We are now less than a month until the latest short-term extension awarded to Southeastern operator Govia expires on 31st March.
The franchise has been in limbo since 2014 with a number of short-term extensions, as ideas such as devolution to TfL and new franchise awards came and were then subsequently cancelled.
There’s now two options on the table from April 2020: another short term extension or the Government taking control via the “operator of last resort” which has just taken over Northern Rail.
Using OLR looks quite unlikely given other franchises are in a very poor financial state and the Department for Transport are stretched. They may have to organise direct running of South West Rail and c2c given recent financial problems. Add in Brexit preparations and now corona virus planning and the department are spread thinly. Therefore the easiest option is possibly another direct award.
But whatever happens nothing can ultimately improve without the DfT’s approval. One major issue is space to store any additional trains. There is none. That needs funding before any new trains can arrive.
A lack of long-term planning for many years has hampered this crucial step towards improved services. So whatever happens soon in announcing who runs the service, if there’s no announcement of new sidings little will change.
There’s no capacity whatsoever to run more peak time trains into London terminal so extending train length is the only answer.
Sidings must be built or extended to store any extra stock. Last year passenger growth in the London area was substantial with some stations seeing 70 per cent growth over a year. Completing the London Bridge rebuild is one major factor, but many stations are far above levels seen in 2015 when work begin.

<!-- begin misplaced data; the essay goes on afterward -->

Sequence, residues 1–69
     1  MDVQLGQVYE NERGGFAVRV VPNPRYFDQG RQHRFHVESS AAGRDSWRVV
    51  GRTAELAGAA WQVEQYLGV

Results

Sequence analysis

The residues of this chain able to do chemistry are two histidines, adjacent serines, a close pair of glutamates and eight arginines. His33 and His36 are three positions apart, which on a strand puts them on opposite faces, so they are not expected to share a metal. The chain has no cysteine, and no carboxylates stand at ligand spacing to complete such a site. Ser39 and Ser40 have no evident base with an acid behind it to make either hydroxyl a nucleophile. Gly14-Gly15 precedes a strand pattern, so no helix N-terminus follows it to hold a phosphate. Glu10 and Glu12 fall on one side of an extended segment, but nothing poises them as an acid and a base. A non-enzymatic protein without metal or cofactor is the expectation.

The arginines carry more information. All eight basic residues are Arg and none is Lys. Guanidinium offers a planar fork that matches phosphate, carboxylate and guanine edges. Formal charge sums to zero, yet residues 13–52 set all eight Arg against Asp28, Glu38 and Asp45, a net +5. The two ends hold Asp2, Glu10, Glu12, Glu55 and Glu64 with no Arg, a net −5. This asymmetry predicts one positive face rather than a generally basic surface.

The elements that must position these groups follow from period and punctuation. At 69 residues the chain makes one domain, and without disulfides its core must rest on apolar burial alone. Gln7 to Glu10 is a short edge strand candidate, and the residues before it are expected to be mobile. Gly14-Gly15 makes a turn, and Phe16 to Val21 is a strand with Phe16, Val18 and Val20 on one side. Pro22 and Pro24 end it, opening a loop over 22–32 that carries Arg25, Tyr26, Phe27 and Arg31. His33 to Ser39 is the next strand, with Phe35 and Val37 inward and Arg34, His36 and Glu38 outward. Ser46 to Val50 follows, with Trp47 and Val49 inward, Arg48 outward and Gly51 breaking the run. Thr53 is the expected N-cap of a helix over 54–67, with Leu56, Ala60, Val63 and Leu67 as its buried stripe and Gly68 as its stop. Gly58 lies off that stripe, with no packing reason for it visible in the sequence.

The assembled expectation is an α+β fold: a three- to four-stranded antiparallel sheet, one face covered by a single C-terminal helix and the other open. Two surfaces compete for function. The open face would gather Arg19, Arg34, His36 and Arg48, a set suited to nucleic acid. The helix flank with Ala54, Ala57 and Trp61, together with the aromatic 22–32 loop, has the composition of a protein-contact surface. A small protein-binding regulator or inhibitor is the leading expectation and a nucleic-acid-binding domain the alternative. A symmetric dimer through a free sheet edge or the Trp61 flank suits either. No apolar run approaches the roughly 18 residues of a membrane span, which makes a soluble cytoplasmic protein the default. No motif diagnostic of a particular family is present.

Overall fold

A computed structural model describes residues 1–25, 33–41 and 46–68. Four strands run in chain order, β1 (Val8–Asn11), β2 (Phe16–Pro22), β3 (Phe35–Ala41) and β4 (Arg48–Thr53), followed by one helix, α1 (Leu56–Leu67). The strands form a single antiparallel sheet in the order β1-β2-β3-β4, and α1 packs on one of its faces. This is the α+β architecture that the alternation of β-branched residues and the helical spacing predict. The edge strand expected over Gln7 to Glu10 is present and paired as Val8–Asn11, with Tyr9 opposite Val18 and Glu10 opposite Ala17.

New home building is also widespread. Those who see Crossrail as a saviour are perhaps a little misplaced. It will certainly help the Woolwich line hugely. But the Bexleyheath and Sidcup lines? Not really, as any time improvement is negated by needing to take a bus to Abbey Wood or Woolwich.
So when the announcement is made (and they really need to get a move on), the thing to really keep an eye on is an announcement of new sidings and trains.
As ever with the existing privatised franchise network, it’s the Government who really hold the power and dictate change.
IN the mid to long term a real solution will be needed for who runs the service as any decision is a stop gap. Will TfL emerge again? The DfT sound warmer on the idea than under Grayling, but TfL are in dire financial straights. It’d need some changes from central Government in their funding to permit. Or a new “franchise” – though under what model? Many franchises are failing, and a review into them under the Williams review is likely to call for the model to be scrapped.
However the review has been sitting on Minister’s desks for months and still unpublished.